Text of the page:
Emma looks up at Regina with a somewhat forced smile. “Thanks, Regina.”
Shifting in her spot, Regina gesturs with one hand, the other holding the bottle of perfume. “For your new apartment, that is still so desperately in need of basic items like cookware.” Her voice softens, and she clears her throat. “And, I thought that, perhaps, we could have Christmas Eve at your home next year.” Emma’s smile loosens, and her shoulders relax.
“Thank you, Regina. Really.”
“Of course, now that I know you simply buy your ingredients pre-packaged, it seems a waste.”
Rolling her eyes, Emma leans back on her hands and yawns. “Alright, kid. It’s bedtime.”
Henry reluctantly parts from his new present and kneels with a wide grin. “Goodnight moms! Thank you guys so much!”
“Goodnight, Henry.” “Night kid, Merry Christmas.”
Henry leans over, giving Emma a one-armed hug before standing up and walking the few feet to Regina and repeating the motion. “Not yet, ma, it’s not midnight.” His tired voice trails off as he starts to head to the stairs. “But Merry Christmas.” Starting to walk up the stairs, he turns at the landing and looks over to where his mothers had followed him to the foyer.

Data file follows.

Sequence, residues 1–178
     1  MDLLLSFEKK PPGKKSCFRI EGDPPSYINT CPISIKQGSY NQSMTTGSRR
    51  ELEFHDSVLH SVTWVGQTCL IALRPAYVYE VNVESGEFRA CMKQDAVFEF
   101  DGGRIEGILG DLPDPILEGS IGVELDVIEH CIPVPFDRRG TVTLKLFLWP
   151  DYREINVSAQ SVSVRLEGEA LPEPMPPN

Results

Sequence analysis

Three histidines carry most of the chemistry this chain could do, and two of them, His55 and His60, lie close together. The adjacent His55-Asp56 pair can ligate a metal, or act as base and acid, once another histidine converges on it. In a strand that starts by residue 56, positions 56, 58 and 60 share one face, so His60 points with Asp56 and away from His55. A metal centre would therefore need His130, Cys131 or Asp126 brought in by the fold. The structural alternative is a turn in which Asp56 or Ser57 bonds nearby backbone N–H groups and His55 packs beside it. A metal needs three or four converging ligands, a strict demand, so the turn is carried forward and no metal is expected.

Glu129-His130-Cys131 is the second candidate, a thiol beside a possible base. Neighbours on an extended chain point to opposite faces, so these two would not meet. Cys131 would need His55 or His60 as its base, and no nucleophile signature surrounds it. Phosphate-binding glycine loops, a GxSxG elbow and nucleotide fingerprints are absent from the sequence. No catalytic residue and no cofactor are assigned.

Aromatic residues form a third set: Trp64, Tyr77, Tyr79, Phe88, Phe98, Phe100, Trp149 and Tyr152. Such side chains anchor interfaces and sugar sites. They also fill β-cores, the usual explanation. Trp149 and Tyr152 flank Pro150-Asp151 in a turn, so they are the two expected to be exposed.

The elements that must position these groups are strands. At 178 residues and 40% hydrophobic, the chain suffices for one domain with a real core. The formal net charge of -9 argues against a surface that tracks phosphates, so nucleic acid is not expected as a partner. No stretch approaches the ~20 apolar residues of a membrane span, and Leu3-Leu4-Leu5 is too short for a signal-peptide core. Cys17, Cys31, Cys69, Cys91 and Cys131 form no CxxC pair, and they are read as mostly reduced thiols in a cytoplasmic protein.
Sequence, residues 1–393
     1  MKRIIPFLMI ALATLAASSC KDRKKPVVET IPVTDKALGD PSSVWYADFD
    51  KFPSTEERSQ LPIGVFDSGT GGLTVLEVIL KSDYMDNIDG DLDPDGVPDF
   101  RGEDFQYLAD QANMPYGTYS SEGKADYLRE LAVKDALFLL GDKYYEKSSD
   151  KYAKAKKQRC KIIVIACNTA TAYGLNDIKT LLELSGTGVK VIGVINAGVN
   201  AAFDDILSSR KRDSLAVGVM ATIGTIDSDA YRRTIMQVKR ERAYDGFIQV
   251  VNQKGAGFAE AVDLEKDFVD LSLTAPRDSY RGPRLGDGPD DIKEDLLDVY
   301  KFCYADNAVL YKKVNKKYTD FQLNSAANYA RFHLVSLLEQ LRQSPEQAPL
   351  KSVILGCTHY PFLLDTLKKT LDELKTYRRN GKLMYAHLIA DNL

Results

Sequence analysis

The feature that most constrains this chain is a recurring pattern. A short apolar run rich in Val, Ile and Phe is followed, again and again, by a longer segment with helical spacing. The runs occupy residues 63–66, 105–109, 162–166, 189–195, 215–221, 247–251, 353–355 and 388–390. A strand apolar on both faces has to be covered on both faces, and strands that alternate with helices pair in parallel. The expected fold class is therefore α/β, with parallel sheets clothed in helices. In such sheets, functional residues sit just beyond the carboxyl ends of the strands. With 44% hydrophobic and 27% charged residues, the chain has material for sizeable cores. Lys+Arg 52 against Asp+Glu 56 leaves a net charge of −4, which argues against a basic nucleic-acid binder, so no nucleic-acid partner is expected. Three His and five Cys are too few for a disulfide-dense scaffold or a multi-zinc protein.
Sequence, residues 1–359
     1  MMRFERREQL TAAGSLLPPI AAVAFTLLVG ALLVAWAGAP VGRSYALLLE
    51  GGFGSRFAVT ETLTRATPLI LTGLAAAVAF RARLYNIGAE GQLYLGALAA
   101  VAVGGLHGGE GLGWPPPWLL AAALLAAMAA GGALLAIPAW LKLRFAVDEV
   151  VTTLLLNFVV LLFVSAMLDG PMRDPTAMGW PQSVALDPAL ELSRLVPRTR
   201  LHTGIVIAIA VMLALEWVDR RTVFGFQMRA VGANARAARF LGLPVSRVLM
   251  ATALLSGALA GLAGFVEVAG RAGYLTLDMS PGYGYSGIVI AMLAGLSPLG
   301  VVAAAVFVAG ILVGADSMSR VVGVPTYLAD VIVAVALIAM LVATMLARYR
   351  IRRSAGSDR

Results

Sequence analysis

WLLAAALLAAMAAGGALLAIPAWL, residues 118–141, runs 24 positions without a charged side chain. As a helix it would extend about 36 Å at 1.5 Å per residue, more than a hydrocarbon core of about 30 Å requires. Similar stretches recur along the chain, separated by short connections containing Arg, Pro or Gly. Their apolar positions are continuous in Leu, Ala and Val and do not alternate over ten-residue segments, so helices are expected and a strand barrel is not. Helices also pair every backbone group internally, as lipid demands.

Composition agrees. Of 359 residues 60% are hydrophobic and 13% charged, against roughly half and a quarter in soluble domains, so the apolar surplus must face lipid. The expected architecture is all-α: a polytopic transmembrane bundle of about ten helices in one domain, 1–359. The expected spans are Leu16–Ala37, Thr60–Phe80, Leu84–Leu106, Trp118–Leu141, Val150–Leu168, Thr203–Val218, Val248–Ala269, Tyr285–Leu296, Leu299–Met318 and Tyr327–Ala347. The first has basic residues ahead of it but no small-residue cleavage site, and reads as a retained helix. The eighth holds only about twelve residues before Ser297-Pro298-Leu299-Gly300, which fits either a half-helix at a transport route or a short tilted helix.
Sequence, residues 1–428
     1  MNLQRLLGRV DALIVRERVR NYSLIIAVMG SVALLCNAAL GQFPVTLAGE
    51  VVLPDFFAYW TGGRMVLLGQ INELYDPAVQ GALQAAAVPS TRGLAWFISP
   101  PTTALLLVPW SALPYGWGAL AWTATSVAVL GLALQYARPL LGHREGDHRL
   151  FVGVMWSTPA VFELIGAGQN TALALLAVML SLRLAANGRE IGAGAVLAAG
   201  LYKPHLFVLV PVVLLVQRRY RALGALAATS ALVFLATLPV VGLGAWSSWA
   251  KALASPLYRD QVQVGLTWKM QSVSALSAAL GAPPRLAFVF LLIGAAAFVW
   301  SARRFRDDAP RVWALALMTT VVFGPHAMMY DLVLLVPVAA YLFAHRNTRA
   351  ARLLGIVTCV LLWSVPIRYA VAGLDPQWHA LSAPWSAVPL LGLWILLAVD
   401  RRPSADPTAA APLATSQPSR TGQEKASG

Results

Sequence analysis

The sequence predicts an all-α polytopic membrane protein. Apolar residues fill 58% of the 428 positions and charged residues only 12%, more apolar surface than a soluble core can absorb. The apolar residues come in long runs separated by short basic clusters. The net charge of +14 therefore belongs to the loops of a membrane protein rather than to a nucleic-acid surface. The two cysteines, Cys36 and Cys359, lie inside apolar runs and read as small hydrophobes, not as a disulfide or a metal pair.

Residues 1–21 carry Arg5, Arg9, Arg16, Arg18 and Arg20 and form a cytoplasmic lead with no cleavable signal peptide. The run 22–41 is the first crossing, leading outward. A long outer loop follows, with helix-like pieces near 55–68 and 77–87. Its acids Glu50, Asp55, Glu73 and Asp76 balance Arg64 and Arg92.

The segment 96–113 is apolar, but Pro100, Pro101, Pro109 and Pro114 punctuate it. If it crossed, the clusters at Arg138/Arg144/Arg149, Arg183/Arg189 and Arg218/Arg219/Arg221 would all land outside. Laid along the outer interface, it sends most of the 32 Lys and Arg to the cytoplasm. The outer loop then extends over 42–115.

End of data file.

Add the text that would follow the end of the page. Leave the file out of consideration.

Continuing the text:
On the landing he shifts, and his arms bounce against his sides. “I love you both.” Without another pause, Henry turns and walks up to his room, shutting his door.
Emma turns toward Regina, who is suddenly making a beeline for the kitchen to grab a trash bag. Emma follows her, and when Regina begins to clean up the wrapping paper, she starts picking up pieces, too.
“Thanks, Regina, for sharing this with me.” Regina pauses before taking a piece of wrapping paper Emma holds out to her. “And I don’t just mean this year.”
Regina nods, standing. “Thank you for taking care of him. For taking Henry when I had to give him up.” Emma notices the light in Regina’s eyes, the moisture that is gathering there reflecting the glow of the trees.
Emma takes the garbage bag from Regina’s hand. “I guess that’s kind of what we do, isn’t it?”